Pedal cars are great props for cute photos, and pedal Jeeps are no exception. I keep running across old pictures of kids and their Jeeps, so I thought I would archive some of them here. I don't know the original source or the date of most of the photos, but if anybody can provide credit or further information for any of them I would love to add it.
I do have some details on these first two photos. They were taken in 1947 to promote the new all-aluminum "Western Jeep" produced in Seattle by Western Toy Manufacturing Company. Seattle businessman Joe Wolfe brought his CJ-2A, and he's seen here with his grandson.
Bringing the full-size Jeep may not have been the best idea, since it tends to dominate the pictures. But it's interesting that the Western Jeep, rather than being a tiny reproduction of the 2A, actually anticipates the the high hood of the CJ-3B, which would be introduced by Willys-Overland five years later. Maybe this is where Willys engineers got the idea...
Aside from the missing spare tire, this is a good photo of Joe Woolfe and Bob Schaeffer (Chief Engineer at Western Toys) in the CJ-2A, in front of the Seattle Art Museum (now the Seattle Asian Art Museum.) It's not such a good look at the group of children sitting in their Western Jeeps. There could have been some closer shots of all those cute kids in their little high hood Jeeps; maybe they'll turn up somewhere.
These two photos are by Roger Dudley, from the Joe L. Woolfe photograph collection at the University of Washington.
This fun event is a mystery both in terms of where the beach is located (I would guess somewhere in Europe) and what kind of pedal Jeeps are being raced. A distinctive feature is the short slot in the center of their front grilles.
Here's an interesting one that appears to be somewhere in the U.S.A. in the 1950s. The Jeep is a Tri-ang, but modified with some larger wheels and what I think is a Briggs & Stratton lawnmower engine!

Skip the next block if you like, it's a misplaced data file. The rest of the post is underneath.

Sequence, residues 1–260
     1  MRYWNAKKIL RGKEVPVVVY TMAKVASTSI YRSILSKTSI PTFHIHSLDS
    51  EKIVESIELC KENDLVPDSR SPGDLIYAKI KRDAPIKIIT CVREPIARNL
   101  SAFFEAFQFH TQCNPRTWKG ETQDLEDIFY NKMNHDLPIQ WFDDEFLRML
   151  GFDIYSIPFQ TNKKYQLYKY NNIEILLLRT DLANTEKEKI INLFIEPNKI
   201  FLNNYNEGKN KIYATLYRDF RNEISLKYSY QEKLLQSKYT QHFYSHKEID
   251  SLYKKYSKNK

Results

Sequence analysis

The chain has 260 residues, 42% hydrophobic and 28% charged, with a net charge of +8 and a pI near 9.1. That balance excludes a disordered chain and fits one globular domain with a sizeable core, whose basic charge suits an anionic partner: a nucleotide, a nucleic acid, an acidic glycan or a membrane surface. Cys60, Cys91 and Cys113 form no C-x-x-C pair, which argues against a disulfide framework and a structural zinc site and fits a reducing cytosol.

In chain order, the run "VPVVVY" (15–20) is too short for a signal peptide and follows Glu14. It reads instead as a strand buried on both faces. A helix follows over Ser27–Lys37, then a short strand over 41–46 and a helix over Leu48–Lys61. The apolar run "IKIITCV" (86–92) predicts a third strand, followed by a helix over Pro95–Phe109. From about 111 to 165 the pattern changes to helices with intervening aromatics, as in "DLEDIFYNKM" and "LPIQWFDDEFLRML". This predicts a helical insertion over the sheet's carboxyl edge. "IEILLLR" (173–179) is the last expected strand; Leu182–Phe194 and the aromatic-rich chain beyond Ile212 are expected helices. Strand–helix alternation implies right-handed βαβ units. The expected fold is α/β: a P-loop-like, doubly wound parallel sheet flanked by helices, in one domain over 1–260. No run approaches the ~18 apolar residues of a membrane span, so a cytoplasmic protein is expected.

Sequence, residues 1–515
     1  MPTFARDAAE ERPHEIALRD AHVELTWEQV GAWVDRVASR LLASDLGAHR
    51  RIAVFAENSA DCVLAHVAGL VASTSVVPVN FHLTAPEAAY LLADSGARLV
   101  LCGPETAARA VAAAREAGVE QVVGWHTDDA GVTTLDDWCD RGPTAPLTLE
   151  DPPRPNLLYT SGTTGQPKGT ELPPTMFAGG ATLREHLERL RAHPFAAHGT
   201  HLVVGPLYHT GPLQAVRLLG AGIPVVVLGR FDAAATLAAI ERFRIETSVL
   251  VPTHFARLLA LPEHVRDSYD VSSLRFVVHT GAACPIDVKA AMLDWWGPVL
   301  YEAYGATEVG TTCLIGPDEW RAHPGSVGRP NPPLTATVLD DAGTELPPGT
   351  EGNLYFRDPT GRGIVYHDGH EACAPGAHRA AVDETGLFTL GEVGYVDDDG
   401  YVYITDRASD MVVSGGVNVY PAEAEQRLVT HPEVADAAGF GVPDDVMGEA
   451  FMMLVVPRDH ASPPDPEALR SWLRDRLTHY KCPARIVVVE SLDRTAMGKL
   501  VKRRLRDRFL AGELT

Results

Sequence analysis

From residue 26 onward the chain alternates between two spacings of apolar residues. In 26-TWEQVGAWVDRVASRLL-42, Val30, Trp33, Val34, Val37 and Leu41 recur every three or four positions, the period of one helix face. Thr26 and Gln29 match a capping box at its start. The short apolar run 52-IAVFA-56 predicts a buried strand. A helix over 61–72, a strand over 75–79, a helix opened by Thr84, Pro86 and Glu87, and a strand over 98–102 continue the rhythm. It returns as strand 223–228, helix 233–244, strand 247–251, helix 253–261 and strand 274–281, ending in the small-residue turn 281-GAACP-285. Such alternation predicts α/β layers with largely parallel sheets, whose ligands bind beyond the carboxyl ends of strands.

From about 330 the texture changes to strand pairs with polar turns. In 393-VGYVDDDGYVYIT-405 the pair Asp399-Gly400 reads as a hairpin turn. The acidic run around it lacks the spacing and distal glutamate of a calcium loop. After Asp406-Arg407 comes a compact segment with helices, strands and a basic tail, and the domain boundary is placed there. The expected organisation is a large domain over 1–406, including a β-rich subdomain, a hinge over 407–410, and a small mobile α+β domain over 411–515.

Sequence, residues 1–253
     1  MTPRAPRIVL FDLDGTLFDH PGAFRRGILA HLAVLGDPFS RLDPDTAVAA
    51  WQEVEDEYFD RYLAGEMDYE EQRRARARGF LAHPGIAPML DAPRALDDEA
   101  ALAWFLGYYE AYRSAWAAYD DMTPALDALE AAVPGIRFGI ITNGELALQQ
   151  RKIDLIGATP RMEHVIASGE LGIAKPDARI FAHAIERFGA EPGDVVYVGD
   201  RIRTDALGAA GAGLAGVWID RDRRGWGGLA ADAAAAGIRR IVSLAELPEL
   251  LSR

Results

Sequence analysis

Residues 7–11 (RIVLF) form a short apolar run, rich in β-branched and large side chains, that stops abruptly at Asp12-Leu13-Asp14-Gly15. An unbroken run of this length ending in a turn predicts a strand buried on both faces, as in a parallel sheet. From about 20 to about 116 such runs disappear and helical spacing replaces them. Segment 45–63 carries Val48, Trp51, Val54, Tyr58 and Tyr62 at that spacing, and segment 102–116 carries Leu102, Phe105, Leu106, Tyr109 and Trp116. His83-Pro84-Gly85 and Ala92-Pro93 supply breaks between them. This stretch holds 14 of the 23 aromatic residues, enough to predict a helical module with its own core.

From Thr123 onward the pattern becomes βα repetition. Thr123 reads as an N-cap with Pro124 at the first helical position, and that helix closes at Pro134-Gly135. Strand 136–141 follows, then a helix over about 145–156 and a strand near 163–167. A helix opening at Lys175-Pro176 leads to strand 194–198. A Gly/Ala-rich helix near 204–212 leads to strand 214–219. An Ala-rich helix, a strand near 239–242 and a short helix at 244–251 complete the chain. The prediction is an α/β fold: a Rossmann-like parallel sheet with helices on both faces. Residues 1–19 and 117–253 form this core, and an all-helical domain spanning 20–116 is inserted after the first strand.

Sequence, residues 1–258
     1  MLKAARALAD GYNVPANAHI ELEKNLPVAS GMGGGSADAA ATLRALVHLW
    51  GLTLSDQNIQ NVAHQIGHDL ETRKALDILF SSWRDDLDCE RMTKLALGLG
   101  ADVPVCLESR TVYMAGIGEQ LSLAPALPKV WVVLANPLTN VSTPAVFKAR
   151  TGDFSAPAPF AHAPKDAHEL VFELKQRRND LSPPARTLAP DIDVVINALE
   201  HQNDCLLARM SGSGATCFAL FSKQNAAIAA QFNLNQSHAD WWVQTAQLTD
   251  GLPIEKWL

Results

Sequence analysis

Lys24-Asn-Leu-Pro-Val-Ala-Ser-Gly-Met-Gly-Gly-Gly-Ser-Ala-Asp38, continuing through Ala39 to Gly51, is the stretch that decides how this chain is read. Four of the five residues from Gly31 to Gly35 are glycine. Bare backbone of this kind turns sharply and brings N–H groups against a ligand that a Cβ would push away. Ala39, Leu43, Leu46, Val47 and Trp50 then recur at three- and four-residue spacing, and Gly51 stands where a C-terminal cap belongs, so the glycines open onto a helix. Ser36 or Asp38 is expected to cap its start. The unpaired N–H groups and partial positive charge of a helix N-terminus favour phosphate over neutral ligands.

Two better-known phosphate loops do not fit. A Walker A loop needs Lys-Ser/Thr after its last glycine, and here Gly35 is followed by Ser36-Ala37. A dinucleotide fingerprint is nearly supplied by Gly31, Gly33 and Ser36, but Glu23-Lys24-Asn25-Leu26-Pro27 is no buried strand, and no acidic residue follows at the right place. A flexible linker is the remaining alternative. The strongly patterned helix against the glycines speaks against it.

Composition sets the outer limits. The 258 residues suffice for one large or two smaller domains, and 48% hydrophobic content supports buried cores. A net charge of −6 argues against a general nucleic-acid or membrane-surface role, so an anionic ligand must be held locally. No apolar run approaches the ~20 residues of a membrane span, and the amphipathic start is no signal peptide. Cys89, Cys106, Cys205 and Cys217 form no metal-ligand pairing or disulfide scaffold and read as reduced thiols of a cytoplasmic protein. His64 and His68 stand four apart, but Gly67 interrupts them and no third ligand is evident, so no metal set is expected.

For comparison, here's the stock Tri-ang, in a nice family photo circa 1965. You can clearly see the very skinny Tri-ang rubber tire on the spare. Looks like the little jerry can that was beside the spare might already be lost. Thanks to Jo Gilbertson for this.
This young fellow in an early 1950s Sherwood seems a little uncertain about the offer of repairs from the mechanic with his torch. Nice photo, but I don't know any other details.
I'm guessing this beautifully staged shot was taken somewhere in Europe after the war; would the unit markings on the MP's motorcycle provide a clue? And I'm not sure about the origins of the realistic little "Baby Jeep" Willys MB -- maybe built from scratch in a motor pool?
This one is definitely a custom-built toy and here's the story:
While in the Air Force during WWII, Herbert "Bud" Unger was a sheet metal worker for Pennsylvania Central Airlines in Virginia. In his spare time he built this jeep for his daughter Joy, and and she and the jeep were photographed for the cover of PCA News (130K JPEG) in November 1944.
Joy Unger provided this to Kustomrama for their biography of Bud Unger, who became a pioneering car customizer. Thanks to Federico Cavedo for finding it.
Speaking of the Air Force, this little sister and brother are having fun in their Hamilton USAF Jeep, perhaps the most popular pedal Jeep in the U.S. in the 1950s and 60s. But you don't see a lot of Hamiltons with the "Staff Car" marking seen here.
Like the Hamilton, the Steger Fire Patrol was built to carry a passenger on the back (although the Sherwood was best for that because it had a fire truck's rear step; see Pedal-Drive Fire Jeeps.) Here are the Dietrich brothers with their Steger, date and location unknown; judging from their caps they might be in the UK.
Finally, here's one that doesn't get seen in North America very often. With a Mitsubishi logo on the side, this pedal car is clearly based on the Mitsu CJ-3B. Variations of the high hood Jeep were built by Mitsubishi in Japan from 1953 through 1998, so it's hard to date this photo (except that it's Christmas.)
The two-pane windshield is a smart idea, giving it extra strength. Many flimsier toy windshields have been damaged or lost over the years.
Does anybody know who produced this toy? Thanks to Leif Hellstrom for sending the photo.
Do you have another pedal Jeep snapshot that would fit here? I would be glad to add it. -- Derek Redmond
Also on CJ3B.info, see the manufacturers of Pedal-Drive Jeeps.
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